India’s Alcoholic Beverage Trade: Global

India exports around US$ 300 million worth of alcoholic beverages to the rest of the world, which contributes around 0.9 to 0.12% of India’s total exports. There has been some decline in exports in the last quarter of FY 2019-20, due to the COVID-19 related lockdown.

India has allowed 100% FDI in production and a number of subsidies and other incentives are given for food processing in India through the central government schemes. Some states like Maharashtra (for wines) also facilitate domestic production through lower excise duties and higher inter-state taxes. Producers based in India are dependent on both domestically sourced raw materials and imported raw materials for their production.

Figure 1 shows that in recent years, trade has shown some fluctuating trends. In 2019, United Arab Emirates, Netherlands and Singapore were India’s top three export destinations, and the US, the UK and Singapore were the three countries from which India imported alcoholic beverages or its raw materials/intermediate products.

 

Note: *Data for FY 2020-21 is available for April 2020 to January 2021
Source: Extracted and Compiled from Export-Import Data Bank, Trade Data Statistics, Directorate General of Foreign Trade, Ministry of Commerce and Industry. Available at
https://tradestat.commerce.gov.in/eidb/default.asp (last accessed on April 16, 2021)

India-UK Trade in Alcoholic Beverages

In the FY 2015-16, imports from the UK by India accounted for almost 72% of total alcoholic beverages imported by India, which declined to around 45% in FY2019-20. On the other hand, exports of alcoholic beverages from India to UK have increased manifold; from 0.51% contribution in FY 2015-16 to over 2% in FY 2020-21. While the UK side has done a number of studies examining the trade potential and trade barriers, from the Indian side there are hardly any studies on exports to the UK and export barriers, and this gap needs to be addressed.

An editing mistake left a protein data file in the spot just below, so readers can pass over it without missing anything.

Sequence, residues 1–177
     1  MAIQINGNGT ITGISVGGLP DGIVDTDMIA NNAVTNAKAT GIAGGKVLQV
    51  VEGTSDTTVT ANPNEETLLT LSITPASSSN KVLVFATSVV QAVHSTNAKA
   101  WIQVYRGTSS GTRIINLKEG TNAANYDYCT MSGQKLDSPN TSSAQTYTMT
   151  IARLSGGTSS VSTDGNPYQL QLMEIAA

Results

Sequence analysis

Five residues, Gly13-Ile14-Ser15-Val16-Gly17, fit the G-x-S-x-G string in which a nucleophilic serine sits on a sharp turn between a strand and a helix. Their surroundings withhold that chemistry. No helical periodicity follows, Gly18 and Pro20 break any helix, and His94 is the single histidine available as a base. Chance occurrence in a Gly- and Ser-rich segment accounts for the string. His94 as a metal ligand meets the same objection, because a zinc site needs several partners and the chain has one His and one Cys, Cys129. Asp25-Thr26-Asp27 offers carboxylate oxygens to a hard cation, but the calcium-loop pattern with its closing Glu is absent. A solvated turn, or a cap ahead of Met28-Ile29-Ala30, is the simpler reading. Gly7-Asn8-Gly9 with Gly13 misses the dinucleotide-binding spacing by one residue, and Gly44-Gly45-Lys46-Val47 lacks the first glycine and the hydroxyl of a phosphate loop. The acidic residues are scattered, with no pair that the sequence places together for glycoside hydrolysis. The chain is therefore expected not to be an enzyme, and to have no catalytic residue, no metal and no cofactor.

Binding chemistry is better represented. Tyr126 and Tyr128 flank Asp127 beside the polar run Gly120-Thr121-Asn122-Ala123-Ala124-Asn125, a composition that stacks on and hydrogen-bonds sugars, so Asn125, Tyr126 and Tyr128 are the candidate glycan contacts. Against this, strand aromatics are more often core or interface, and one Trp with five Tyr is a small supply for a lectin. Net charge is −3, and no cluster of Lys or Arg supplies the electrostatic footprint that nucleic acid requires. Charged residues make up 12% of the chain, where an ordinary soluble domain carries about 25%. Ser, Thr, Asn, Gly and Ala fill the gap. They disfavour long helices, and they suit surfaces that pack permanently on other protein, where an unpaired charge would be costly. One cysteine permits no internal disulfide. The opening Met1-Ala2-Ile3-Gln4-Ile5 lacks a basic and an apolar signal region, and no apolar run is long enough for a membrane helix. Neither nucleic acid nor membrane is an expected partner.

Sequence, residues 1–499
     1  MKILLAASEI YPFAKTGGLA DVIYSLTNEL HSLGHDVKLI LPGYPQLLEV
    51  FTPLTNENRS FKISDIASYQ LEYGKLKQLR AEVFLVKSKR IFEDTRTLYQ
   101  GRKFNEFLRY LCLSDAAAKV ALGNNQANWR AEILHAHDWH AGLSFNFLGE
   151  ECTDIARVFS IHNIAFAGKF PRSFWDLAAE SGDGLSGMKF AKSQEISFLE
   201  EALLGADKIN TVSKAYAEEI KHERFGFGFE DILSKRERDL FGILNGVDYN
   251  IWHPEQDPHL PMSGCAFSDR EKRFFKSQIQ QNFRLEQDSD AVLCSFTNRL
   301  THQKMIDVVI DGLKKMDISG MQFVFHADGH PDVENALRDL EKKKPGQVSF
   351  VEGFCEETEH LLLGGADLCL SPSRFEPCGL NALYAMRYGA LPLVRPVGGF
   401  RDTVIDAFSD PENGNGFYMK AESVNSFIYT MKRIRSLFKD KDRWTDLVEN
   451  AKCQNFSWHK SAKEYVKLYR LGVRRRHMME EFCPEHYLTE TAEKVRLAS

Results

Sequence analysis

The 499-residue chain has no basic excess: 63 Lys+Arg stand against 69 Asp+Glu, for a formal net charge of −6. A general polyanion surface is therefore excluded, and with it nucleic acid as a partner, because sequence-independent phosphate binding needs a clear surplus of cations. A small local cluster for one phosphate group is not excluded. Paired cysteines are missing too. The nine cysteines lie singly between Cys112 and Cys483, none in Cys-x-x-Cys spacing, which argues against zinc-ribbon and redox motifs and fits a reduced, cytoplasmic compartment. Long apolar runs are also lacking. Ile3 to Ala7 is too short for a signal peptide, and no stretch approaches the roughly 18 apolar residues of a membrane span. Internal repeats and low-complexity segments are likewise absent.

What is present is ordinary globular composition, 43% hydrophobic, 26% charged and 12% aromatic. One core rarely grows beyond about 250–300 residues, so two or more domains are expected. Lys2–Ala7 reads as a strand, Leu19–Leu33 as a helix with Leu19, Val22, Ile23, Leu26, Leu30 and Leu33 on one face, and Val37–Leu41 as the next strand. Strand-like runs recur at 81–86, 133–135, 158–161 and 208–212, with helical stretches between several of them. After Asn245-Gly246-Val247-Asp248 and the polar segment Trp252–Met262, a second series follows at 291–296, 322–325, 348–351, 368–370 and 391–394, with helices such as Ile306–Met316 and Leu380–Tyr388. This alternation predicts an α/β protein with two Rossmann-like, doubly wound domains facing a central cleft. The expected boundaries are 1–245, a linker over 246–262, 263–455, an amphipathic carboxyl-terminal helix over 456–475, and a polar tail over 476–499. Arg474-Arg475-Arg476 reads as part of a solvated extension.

Across different sub-categories of alcoholic beverages, the UK is a major supplier of whisky and raw materials for whisky production. In FY 2020-21, the UK accounted for more than 70% of India’s total whisky imports, as shown in Table 1 below. The UK is the top source country for whisky imports into India.

Table 1: Whisky Imports from the World vs UK

8 digit
HS Code
Imports 2019-2020 2020-2021 (Apr-Jan)
World UK World UK
22071011 CONCENTRATES OF ALCHLC BVRGS-RECTIFIED SPIRIT 0.02 0.01
22071019 OTHER RECTIFIED SPIRIT 0.16 0.3 0
22071090 OTHR SPIRIT OF UNDENATRD ETHYL ALCHL 1.26 0.37 1.34 0.31
22082012 *LIQUORS IN CONTAINERS HOLDING 2 LTR OR LESS 0.37 0.17
22082019 OTHER SPIRITS IN CONTAINERS HOLDING 2 LTR OR LESS 6.42 0.01 2.13 0
22082092 *LIQUORS IN CONTAINERS HOLDING MORE THAN 2 LTR 0.91 0.13
22082099 OTHER SPIRITS IN CONTAINERS HOLDING MORE THAN 2 LTR 1.58 0.06 0.65
22083011 BOURBON WHISKEY IN CONTAINERS HOLDING 2 LTR OR LESS 7.59 2.35 1.07
22083012 SCOTCH IN CONTAINERS HOLDING 2 LTR OR LESS 66.63 30.88 13.38 10.17
22083013 BLENDED WHISKEY IN CONTAINERS HOLDING 2 LITRE OR LESS 39.17 37.05 32.27 28.54
22083019 OTHER WHISKEY IN CONTAINERS HOLDING 2 LTR OR LESS 62.09 32.84 16.15 10.87
22083091 BOURBON WHISKEY IN CONTAINERS HOLDING MORE THAN 2 LTR 0.11 0
22083092 SCOTCH IN CONTAINERS HOLDING MORE THAN 2 LTR 6.9 4.75 3.34 2.65
22083093 BLENDED WHISKEY IN CONTAINERS HOLDING MORE THAN 2 LTR 25.35 23.96 20.78 20.6
22083099 OTHER WHISKEY IN CONTAINERS HOLDING MORE THAN 2 LTR 10.16 4.82 1.94 1.35
22087011 LIQUEURS IN CONTAINERS HOLDING 2 LTR OR LESS 7.55 1.37 4.19 0.15
22087012 CORDIALS IN CONTAINERS HOLDING 2 LTR OR LESS 0.01 0.01
22087091 LIQUEURS IN CONTAINERS HOLDING MORE THAN 2 LTR 0.05 0
22087092 CORDIALS IN CONTAINERS HOLDING MORE THAN 2 LTR 0
22089012 INDENATURED ETHYL ALCOHOL IN CONTAINERS HOLDING 2 LTR OR LESS 0.01
22089019 OTHER IN CONTAINERS HOLDING 2 LTR OR LESS 9.88 9.86 0.05 0.03
22089099 OTHER IN CONTAINERS HOLDING MORE THAN 2 LTR 61.77 14.44 45.36 27.32
Total Import of Whisky (World and the UK) 307.99 163.07 142.96 101.99
Percentage Share of Whisky Imports in Total Imports of Alcoholic Beverages 82.57 96.78 83.01 97.45
Total Imports of Alcoholic Beverages 373 168.49 172.23 104.66

* Data for FY 2020-21 is available for April 2020 to January 2021
Source: Extracted and Compiled from Export-Import Data Bank, Trade Data Statistics, Directorate General of Foreign Trade, Ministry of Commerce and Industry. Available at
https://tradestat.commerce.gov.in/eidb/default.asp (last accessed on April 16, 2021)

Tariff Barriers and a Roadmap for Tariff Rationalisation: Key Findings of the Survey-based Study